Jamael Westman as Hamilton Jamael Westman as Hamilton, with the West End cast. Photo: Matthew Murphy

By Lin Manuel Miranda
Victoria Palace Theatre, London

Reviewed by Peter Lawler

George Washington. Thomas Jefferson. John Adams and his brother (better known for his namesake's lager than his fundamental role in nation building). Heck even John Hancock's name gets penned more noticeably in History than Alexander Hamilton's, who normally ends up being an obscure note covered sometime in sophomore History class and attached with federalism, Jefferson and a duel with Aaron Burr.

No more, thanks to Lin Manuel Miranda's world famous revisionist smash hit, Hamilton, which has opened to eager London crowds in the Victoria Palace Theatre.

This show is a quintessentially American story about a brash, brave immigrant - Hamilton was an orphan, born in the Caribbean - come to a land of opportunity to reinvent himself and become a figure of importance and to pursue his measure of happiness. Key to Miranda's accomplishment in this story is turning this relatively staid small chapter in history into a hip, cool embodiment of the American Dream. Turning an intricate political story into an intensely personal one.

With incisively clever lyrics that turn the eponymous character into a metaphor for the nation - 'I'm young, scrappy and hungry/ just like my country' - and economic storytelling that fits the first half century of American history, from the revolution right through Thomas Jefferson's presidency, into a couple of hours on stage, this is not just Hamilton's story, but America's story too.

The use of hip hop, R& B and soft, jazzy melodies throughout are a gleefully contemporary upending of what we expect from our colonial forbears, with Obioma Uguala's charismatically baritone George Washington presiding over full scale rap battles in congress between Thomas Jefferson and Hamilton over the contentious fledgling constitution and financial aid to ally France in their war with England, with the audience swaying and popping from almost start to finish.

This show's intentional irreverence and subversion of the History books is both one of its greatest strengths and one of its potent messages. From the Founding Fathers' recurrent concern for posterity in songs like 'The Story of Tonight' to the casting of those near-deities of American History with black actors who sing or rap the show nearly in its entirety, Miranda takes our tendency to dogmatically 'place our trust in the founding fathers' and, as the chorus tells us after the battle of Yorktown, gives us 'a world turned upside down.'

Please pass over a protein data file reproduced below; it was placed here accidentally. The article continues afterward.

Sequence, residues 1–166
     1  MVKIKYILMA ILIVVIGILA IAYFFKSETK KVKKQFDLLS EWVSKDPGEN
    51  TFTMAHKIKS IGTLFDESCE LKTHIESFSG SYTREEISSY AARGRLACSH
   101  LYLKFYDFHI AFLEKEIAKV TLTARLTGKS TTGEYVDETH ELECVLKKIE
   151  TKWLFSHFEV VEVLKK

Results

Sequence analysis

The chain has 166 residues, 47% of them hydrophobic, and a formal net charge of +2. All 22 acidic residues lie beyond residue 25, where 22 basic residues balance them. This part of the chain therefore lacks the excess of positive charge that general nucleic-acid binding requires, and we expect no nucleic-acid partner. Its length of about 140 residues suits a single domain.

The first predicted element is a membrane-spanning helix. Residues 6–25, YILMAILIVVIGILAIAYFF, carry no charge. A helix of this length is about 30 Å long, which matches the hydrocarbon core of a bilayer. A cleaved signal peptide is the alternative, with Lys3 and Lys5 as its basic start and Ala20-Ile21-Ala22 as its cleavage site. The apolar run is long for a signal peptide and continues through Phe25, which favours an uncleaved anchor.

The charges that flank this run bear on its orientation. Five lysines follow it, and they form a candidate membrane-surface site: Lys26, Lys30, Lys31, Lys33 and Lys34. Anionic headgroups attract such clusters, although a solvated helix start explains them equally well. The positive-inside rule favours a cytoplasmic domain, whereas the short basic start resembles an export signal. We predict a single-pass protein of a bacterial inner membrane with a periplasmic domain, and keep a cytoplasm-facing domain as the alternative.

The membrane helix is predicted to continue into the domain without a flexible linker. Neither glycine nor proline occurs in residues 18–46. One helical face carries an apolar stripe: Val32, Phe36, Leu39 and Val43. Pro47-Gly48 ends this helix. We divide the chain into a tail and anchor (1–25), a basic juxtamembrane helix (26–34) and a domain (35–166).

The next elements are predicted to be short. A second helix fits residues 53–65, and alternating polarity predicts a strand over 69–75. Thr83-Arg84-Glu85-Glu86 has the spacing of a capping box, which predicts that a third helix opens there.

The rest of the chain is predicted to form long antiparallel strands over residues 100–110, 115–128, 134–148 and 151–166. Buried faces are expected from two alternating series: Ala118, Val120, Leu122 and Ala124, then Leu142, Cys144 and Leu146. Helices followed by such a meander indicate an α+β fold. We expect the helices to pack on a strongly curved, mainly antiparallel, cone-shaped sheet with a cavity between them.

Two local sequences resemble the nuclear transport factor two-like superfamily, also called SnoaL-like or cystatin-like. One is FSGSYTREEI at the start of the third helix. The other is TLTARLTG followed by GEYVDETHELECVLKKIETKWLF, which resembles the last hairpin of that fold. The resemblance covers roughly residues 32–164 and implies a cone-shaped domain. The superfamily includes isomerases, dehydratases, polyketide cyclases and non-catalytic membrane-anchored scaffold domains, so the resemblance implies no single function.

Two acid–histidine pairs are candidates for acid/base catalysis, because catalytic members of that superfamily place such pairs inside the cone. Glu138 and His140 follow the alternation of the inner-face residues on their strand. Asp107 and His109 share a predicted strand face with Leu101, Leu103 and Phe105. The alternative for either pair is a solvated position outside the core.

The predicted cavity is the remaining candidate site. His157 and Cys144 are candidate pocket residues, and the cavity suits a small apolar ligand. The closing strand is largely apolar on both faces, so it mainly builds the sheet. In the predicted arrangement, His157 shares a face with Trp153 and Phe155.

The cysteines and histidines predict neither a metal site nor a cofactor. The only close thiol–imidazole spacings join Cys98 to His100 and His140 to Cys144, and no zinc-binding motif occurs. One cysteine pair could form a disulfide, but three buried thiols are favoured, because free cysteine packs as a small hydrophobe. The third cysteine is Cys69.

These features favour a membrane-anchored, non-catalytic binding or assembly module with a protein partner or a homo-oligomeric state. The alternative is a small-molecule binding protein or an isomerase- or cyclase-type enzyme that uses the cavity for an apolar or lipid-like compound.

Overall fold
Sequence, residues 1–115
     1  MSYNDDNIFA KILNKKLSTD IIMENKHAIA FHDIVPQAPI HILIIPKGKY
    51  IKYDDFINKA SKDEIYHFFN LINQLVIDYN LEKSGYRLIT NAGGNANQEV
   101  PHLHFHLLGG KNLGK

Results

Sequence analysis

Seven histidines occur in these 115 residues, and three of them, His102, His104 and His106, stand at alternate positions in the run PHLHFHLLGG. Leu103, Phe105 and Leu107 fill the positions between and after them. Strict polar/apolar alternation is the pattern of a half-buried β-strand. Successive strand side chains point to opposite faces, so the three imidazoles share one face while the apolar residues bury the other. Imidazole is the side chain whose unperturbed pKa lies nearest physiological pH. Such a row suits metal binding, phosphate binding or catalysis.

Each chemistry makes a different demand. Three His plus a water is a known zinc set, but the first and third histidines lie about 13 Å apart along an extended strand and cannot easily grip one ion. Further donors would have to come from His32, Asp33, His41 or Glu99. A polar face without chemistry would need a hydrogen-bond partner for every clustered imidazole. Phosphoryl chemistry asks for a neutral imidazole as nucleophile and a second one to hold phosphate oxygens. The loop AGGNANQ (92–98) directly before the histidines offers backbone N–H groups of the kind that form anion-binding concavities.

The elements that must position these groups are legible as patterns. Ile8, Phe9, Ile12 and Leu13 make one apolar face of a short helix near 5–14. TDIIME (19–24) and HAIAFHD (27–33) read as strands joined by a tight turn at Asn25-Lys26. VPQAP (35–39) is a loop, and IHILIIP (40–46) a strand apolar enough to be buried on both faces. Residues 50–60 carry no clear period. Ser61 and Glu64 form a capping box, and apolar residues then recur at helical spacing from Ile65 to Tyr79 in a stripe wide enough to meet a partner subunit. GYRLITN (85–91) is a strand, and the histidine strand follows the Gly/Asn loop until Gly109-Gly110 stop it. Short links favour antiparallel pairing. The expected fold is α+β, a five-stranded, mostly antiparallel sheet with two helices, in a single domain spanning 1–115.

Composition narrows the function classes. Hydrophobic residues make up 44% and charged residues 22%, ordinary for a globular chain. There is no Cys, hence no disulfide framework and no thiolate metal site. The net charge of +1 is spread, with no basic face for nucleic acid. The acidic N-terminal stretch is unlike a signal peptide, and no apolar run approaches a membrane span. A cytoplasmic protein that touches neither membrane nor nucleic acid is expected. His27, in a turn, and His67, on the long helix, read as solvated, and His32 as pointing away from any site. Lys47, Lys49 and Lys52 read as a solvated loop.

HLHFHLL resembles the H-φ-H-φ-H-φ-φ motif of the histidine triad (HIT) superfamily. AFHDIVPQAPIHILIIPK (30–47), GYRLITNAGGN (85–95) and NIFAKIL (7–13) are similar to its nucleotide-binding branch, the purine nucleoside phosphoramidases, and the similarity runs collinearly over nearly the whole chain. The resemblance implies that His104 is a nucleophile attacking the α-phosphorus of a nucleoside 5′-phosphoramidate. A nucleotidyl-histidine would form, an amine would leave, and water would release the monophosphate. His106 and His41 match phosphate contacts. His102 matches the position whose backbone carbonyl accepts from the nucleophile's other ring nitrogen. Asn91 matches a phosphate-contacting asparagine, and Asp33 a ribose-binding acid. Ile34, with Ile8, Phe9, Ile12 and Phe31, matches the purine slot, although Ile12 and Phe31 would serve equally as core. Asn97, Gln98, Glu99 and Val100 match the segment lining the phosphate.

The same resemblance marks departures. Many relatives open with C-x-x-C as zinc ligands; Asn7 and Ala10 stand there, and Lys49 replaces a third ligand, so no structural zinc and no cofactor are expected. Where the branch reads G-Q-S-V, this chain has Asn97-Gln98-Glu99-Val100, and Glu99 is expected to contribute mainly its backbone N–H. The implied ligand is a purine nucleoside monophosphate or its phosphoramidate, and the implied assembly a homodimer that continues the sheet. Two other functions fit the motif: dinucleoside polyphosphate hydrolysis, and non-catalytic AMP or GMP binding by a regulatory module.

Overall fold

Jason Pennycooke as Jefferson Jason Pennycooke as Jefferson. Photo: Matthew Murphy

Much like Homer in the Iliad sees gods as vindictive, petty characters embodying the worst of human qualities in their whimsical and destructive game playing, so Hamilton takes the towering figures of Jefferson, Burr, and Madison, rips them down from their towering statue-like positions looming over the spirit of America and injects those same flawed, beautifully human qualities back into them.

Relative newcomer Jamael Westman bursts onstage with a consistently righteous arrogance conveying the titular character's belief in the rightness of his mission to help America invent, establish and sustain a robust identity and integrity, very much parallel to his own career arc. His angsty, poetic heartfelt conflict draws our deepest sympathy even when we watch him fall from hot headed folly to infidelity and ignominy, only to rise later as the seasoned presidential kingmaker. Jason Pennycooke struts around gleefully as Lafayette, riding to a new nation's aid and helping it to victory, then utilises his nasal tones and Napoleonic demeanour to capture the pomposity of the aristocratic southerner Jefferson with camp, garish shine and humor, dressed in brilliantly regal burgundy breeches.

This is not a show without pathos, as Miranda subtly crafts the narration of the tragic and violent loss of Hamilton's young son Philip in a duel defending his father's honor. The richness and slow beauty with which Eliza and Alexander's grief is captured works slowly to a crescendo of heartbreaking sympathy as the last gently gliding notes of 'It's Quiet Uptown' drift gently past.

One of the most surprising and noteworthy feats here is the presentation of Eliza, played with subtle, sustained and deep power by Rachelle Anne Go, giving us ultimately a long suffering sense of conflict and yearning. Ultimately, as her husband's legatee, she is this story's most important player, organising and collecting his papers and diaries and later establishing New York City's first private orphanage. If anyone is responsible for preserving, or indeed creating Hamilton's legacy, it's Eliza.

Hamilton is an infectious, addictive history lesson turned upside down and around again. A celebration of the brashness, the splendid vulgarity, the unconventionality, and the newness so indelibly and vitally a part of the American character. It is a musical storytelling phenomenon that presents an unlikely underdog of an immigrant hero and a compellingly human story that leaves you feeling as though you will never see the words 'founding father' the same way again.


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